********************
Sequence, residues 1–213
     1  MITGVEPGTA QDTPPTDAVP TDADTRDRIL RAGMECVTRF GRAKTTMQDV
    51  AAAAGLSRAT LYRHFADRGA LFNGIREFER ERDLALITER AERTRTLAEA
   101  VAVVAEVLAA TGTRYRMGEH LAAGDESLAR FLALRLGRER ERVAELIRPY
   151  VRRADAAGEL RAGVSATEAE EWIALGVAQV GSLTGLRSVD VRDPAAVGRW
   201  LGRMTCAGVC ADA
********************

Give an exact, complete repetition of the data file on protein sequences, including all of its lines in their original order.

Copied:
Sequence, residues 1–213
     1  MITGVEPGTA QDTPPTDAVP TDADTRDRIL RAGMECVTRF GRAKTTMQDV
    51  AAAAGLSRAT LYRHFADRGA LFNGIREFER ERDLALITER AERTRTLAEA
   101  VAVVAEVLAA TGTRYRMGEH LAAGDESLAR FLALRLGRER ERVAELIRPY
   151  VRRADAAGEL RAGVSATEAE EWIALGVAQV GSLTGLRSVD VRDPAAVGRW
   201  LGRMTCAGVC ADA